Monday, December 10, 2012

The Notebook

Lab notebooks are important; as far as paper goes they're more important than your diploma and probably even your social security card (which you can get replaced, albeit painfully). If your lab notebook vanishes, you're in trouble. Big trouble. So naturally, we see a variety of lab notebook practices.

Gosling and McAdams express their
mutual enthusiasm for efficient , timely
laboratory recordkeeping.
Source: NewLine Cinema/Netflix.
I think notebooks of students at the beginning and end of their graduate school careers are most interesting. Beginners because they don't know what information is important or how much room they're need, so the things end up looking like a William Faulkner/James Joyce novel. Grizzled veteran students because they just don't care anymore and procedures end up super sparse, with four or five crammed on a page.

The following are, in my experience, the most common lab notebook styles:

Spiral notebook: Lazy grad student (read: cheap PI) doesn't need to buy a fancy notebook with actual gridlines or thick paper or sturdy binding. The last three quarters of that barely-used spiral notebook, from back when taking notes in spectroscopy seemed a good idea, will suffice.

  • Advantages: Cheap and convenient. If your friends see the notebook, you can avoid looking like a dork who has a lab notebook and instead say something about "YOLO", thus retaining social status. 
  • Disadvantages: If seen in lab, PI will think you are studying for class instead of running columns. Prepare for awkward talk on time management.

Hard-bound notebook: Your PI has money and/or wants to keep up appearances, so everyone's got the $3001 leather Amazon-rainforest-paper hardbound notebooks.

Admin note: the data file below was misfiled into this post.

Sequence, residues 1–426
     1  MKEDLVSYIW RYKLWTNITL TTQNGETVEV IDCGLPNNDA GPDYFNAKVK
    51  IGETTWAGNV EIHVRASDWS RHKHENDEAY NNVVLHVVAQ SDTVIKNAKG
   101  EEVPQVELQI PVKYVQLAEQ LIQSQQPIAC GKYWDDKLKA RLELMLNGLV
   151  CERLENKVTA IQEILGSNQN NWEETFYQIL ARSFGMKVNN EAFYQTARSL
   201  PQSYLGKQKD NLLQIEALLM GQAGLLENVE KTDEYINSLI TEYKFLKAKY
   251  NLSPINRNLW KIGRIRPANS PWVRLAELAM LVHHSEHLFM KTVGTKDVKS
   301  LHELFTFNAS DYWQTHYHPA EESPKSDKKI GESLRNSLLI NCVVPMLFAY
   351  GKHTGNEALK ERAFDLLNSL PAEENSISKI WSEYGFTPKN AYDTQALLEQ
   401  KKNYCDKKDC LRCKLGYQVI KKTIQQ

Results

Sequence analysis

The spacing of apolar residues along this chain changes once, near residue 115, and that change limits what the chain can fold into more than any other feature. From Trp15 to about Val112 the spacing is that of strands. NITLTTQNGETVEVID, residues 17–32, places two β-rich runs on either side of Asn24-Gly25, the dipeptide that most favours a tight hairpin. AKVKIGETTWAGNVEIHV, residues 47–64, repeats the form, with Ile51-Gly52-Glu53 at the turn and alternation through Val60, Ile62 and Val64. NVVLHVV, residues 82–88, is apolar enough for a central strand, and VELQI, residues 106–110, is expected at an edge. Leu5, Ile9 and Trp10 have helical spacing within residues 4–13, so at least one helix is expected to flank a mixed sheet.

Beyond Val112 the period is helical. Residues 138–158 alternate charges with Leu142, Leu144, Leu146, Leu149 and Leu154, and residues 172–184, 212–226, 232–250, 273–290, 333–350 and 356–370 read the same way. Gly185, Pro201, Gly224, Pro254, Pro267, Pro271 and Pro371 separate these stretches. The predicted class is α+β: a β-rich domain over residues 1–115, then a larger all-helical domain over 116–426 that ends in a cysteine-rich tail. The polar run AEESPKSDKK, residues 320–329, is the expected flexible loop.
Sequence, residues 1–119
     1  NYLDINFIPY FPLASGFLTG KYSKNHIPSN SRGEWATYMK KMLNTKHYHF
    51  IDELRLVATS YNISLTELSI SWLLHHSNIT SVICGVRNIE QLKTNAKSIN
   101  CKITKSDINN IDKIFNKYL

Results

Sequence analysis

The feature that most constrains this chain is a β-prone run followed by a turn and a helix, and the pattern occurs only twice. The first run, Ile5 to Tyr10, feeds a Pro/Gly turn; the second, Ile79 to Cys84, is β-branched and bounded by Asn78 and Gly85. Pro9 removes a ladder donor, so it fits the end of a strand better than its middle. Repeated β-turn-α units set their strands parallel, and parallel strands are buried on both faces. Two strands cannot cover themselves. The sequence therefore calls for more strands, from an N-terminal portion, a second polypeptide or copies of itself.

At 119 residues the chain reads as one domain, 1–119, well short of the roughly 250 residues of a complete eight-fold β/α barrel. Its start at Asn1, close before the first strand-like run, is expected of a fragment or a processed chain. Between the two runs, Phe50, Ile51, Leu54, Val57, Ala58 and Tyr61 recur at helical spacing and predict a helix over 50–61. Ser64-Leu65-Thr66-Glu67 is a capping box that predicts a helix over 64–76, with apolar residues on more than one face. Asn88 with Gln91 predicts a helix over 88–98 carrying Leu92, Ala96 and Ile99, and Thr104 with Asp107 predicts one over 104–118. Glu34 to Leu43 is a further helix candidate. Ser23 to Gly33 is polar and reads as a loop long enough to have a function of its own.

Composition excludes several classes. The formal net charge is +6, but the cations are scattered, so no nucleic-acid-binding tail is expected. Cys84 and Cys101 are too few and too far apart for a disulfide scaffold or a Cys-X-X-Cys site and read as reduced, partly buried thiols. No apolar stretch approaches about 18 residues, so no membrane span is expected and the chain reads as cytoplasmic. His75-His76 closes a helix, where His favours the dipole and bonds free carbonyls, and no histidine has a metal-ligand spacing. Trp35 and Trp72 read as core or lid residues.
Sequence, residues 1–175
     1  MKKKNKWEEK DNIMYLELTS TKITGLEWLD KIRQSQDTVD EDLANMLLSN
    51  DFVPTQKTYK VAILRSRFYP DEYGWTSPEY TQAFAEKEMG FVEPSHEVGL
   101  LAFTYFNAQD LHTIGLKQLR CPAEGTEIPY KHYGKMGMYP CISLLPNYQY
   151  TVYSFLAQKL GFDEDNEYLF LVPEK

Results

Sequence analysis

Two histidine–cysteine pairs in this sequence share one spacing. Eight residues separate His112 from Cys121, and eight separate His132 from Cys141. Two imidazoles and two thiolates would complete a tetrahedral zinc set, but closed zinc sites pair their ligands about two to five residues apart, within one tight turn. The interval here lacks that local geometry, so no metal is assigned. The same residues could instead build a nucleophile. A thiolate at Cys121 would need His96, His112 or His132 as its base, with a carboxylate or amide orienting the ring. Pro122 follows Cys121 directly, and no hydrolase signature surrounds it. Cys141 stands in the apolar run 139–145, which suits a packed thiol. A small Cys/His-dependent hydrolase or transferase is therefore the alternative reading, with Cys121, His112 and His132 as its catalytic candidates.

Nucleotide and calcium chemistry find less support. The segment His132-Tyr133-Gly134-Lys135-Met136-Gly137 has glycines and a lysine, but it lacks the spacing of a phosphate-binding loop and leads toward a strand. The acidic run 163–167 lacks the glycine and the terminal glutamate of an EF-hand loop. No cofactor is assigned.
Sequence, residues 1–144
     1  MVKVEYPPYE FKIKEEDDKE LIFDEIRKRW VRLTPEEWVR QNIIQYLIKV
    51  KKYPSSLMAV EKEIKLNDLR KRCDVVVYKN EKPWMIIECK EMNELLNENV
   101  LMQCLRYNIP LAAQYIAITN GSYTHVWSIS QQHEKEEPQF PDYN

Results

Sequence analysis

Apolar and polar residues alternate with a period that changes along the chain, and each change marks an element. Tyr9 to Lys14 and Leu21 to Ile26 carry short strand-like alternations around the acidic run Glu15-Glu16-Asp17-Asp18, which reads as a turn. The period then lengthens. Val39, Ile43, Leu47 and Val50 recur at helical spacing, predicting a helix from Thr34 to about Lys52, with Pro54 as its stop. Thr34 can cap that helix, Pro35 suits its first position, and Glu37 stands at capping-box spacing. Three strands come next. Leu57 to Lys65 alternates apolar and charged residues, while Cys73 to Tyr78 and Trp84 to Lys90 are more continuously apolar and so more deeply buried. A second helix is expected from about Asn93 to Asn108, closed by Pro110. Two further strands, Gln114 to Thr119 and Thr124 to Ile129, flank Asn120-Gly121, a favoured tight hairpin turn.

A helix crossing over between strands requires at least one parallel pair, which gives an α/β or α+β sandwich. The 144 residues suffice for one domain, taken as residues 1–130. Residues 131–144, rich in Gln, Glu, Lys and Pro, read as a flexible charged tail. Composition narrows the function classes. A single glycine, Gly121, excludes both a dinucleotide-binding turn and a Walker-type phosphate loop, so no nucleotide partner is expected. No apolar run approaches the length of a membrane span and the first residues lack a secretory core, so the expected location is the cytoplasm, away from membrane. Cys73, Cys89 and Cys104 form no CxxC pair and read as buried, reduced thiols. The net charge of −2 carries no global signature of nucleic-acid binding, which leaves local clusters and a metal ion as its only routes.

• Advantages: Nerd cred. Ability to use notebook as blast shield in the event of a lab explosion. Also ability to build fort out of lab notebooks once enough labwork has been done (think of it as a reward).
  • Disadvantages: If taken outdoors, this notebook will likely be stolen by humanities majors for use as a diary/composition book. And if the notebook is lost, it's obvious and your life is meaningless.

Hard-bound notebook with carbon copy paper: Your PI is old-school but realizes that backups are pertinent given the hundreds of liters of organic solvents and pyrophoric reagents dancing around the lab space. Unfortunately, the method of backup is the 1950s method of carbon copies of your notebook, so it's a lot like being in undergrad lab again.

  • Advantages: Shouldn't lose your work.
  • Disadvantages: Will probably lose your work anyway because you leave the carbon copies in a pile next to the original notebook.

Electronic lab notebook: No fear of technology in your group. Everyone's lab notebook is on "the cloud", and that's not even the cloud of weird thiol fumes coming from that one guy's bay. Instant sharing, instant backup.

  • Advantages: Everyone (read: PI) knows what everyone else is doing and has done (or is this a disadvantage?)
  • Disadvantages: Put on gloves. Measure out alcohol. Take off gloves. Type amount of alcohol. Put on gloves. Measure out triphenyl phosphine. Take off gloves. Type amount of triphenyl phosphine. Put on gloves. Measure out carboxylic acid. Take off gloves. Type amount of carboxylic acid. Put on gloves. Dispense dry THF and precise volume of DEAD. Take off gloves. Type amount of THF and DEAD.

Kimwipes and Sharpie: It's written on the hood. Take a picture. That's good enough for SI, right?

  • Advantages: Frees up bench space for unwashed glassware.
  • Disadvantages: What do you mean, you cleaned my hood sash?? That was 3 months of work!

The miiiiiiind: Oh yeah, that experiment happened... totally ran that reaction, no, I wasn't playing Angry Birds instead, why do you ask. The yield was... uh, yeah, it was 87%... The NMR? Oh don't worry, it's already characterized in the literature.

  • Advantages: Chemistry works however you want it to.
  • Disadvantages: None.

On a serious note, why do people still use hard-bound notebooks without any sort of backup? That seems like risky business. (N.B. apparently there are companies that will digitize all your lab's records. Interesting.)

1 $300±300. I don't pay attention to these things.

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